Freemasonry in Wisconsin first took an organized form on the night of December 27, 1823, when seven army officers and three civilians met at the home of Brother George Johnston on the west bank of the Fox River in what is now Green Bay. The soldiers were attached to the 3rd US Infantry Regiment, stationed at Fort Howard, under the command of Col. John McNeil, also a Freemason. Wisconsin was then part of the territory of Michigan and very lightly settled. The regiment was there to maintain order and protect the settlers in this vast wilderness.
Desiring to form a lodge, the men sent a petition to the Grand Lodge of New York requesting a charter. Dispensation for the formation of a lodge was granted, and on September 2, 1824, the interested brethren met again to organize it. Their charter from the Grand Lodge of New York was dated December 3rd.
During the following year, Menomonie Lodge № 374 ceased to be a military lodge and became civilian. An 1854 address given in Green Bay showcased the Lodge’s records dating back to 1827 and its cessation as a Lodge in 1830. It was, therefore, never chartered as a “Wisconsin” lodge; moreover, its New York charter was destroyed in a fire during 1870 at Washington Lodge № 21, Green Bay.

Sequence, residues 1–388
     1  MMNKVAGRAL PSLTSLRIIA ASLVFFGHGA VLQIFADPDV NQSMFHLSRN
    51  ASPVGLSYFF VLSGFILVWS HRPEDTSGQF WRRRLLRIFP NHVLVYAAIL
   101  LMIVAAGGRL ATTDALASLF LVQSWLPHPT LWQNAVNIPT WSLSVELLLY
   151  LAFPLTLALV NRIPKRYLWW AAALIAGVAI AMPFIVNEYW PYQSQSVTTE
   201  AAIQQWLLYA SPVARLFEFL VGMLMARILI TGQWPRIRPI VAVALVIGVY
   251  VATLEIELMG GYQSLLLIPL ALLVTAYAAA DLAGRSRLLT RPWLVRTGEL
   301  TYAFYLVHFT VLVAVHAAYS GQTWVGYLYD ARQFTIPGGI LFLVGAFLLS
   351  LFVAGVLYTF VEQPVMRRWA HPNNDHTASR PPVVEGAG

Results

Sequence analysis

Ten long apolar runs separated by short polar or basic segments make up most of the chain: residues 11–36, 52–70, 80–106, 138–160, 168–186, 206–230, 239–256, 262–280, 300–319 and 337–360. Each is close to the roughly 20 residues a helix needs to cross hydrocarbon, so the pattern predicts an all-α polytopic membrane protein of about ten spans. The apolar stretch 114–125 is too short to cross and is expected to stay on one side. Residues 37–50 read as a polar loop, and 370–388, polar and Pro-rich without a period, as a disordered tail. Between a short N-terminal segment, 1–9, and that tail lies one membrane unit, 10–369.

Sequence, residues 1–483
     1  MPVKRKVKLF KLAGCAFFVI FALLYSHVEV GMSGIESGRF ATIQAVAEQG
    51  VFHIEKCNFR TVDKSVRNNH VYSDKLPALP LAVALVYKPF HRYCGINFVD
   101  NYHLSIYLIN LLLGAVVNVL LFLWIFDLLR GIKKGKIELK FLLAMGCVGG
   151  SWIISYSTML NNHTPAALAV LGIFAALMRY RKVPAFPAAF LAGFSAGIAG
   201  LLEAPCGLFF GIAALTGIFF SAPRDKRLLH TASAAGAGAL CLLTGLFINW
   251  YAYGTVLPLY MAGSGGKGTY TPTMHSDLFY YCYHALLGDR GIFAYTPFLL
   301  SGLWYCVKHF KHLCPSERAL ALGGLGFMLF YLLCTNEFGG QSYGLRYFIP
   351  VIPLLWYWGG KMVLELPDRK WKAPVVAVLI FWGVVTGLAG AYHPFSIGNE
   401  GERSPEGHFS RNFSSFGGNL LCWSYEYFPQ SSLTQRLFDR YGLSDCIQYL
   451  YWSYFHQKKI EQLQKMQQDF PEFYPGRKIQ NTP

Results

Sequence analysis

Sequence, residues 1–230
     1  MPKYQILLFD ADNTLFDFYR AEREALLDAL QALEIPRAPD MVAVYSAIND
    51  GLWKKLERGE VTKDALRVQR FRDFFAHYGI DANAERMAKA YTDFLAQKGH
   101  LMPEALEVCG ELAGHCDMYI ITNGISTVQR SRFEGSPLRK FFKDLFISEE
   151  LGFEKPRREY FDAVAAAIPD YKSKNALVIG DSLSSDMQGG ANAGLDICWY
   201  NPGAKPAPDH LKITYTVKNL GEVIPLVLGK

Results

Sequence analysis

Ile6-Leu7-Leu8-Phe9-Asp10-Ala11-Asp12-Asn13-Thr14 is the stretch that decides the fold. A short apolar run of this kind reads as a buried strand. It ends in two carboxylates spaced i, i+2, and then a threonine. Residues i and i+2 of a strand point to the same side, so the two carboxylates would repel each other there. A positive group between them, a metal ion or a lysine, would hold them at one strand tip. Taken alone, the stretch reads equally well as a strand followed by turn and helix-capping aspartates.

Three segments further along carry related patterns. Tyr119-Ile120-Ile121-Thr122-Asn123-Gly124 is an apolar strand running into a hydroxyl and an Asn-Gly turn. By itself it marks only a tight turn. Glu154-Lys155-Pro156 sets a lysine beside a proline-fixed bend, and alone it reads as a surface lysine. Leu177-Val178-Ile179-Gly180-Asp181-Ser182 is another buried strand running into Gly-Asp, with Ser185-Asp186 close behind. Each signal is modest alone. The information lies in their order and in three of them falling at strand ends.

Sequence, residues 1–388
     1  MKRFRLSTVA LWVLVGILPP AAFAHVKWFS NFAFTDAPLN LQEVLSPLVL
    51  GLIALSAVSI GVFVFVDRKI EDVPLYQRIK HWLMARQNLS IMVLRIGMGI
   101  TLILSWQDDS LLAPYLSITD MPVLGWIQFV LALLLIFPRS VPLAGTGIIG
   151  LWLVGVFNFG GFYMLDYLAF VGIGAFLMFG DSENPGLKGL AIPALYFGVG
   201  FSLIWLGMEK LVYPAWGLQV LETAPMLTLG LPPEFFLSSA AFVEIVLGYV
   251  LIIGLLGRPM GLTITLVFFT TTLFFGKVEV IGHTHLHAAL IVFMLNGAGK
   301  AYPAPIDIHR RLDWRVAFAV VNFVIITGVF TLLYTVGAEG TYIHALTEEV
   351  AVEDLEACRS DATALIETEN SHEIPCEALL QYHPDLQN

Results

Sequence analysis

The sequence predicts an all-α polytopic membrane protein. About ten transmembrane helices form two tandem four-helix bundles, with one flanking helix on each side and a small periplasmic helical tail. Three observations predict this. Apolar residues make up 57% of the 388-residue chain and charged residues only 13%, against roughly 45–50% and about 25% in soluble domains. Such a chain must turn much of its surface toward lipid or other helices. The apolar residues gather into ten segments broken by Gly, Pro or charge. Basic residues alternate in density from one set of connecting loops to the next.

Carved out of the original Michigan Territory in 1836, the rich lead mines of the southwestern Wisconsin territory attracted a large influx of settlers, including influential men from Missouri and Illinois. These men also formed Masonic Lodges.
Melody Lodge № 49 under the Grand Lodge of Missouri received a dispensation at Mineral Point on October 8, 1840. Organized on July 27, 1841, it was granted a charter in October 1842 and began work on February 15, 1843. On January 10, 1843, a second dispensation came from Missouri to form Lodge № 65, about 20 miles from Mineral Point in Platteville. With dispensation granted on June 12, 1843, The Grand Lodge of Illinois, as that area’s Grand jurisdiction, chartered Milwaukee Lodge № 22.
On January 17, 1844 representatives of these Lodges established the Grand Lodge of Wisconsin. The Lodges were re-chartered according to seniority: Mineral Point № 1, Melody № 2, and Kilbourn № 3 (who changed its name to Milwaukee founding father Bryon Kilbourn). Fifty years later, in 1894, there were over 260 Lodges and more than 15,500 members. Membership in Wisconsin peaked in 1960 with over 300 Lodges and more 59,000 brothers.
Wisconsin freemasons support a wide variety of charities. First is the Wisconsin Masonic Foundation that provides worthy students educational scholarships. The Foundation provides care for the aged at its Three Pillars Senior Living Communities in Dousman, the Masonic Home Foundation Fund and Masonic Medical Fund. The service and Assistance Fund improve the lives of veterans at four Wisconsin VA Hospitals but is also ready to assist in time of national natural disasters. Lastly, the Grand Lodge sponsors a state-wide youth soccer game for exceptional athletes. Of course, most Lodges sponsor and support local charities and philanthropic endeavors.
Today Grand Master L. Arby Humphrey presides over 181 Lodges with a membership over 11,000. Among the many distinguished and honored masons of the Badger State are all five Ringling brothers’ circus owners, former Governor and Secretary of Health & Human Services Tommy Thompson, former Wisconsin Governor Lee Dreyfus and former Wisconsin Attorney General, and Past Grand Master, J.B. Van Hollen.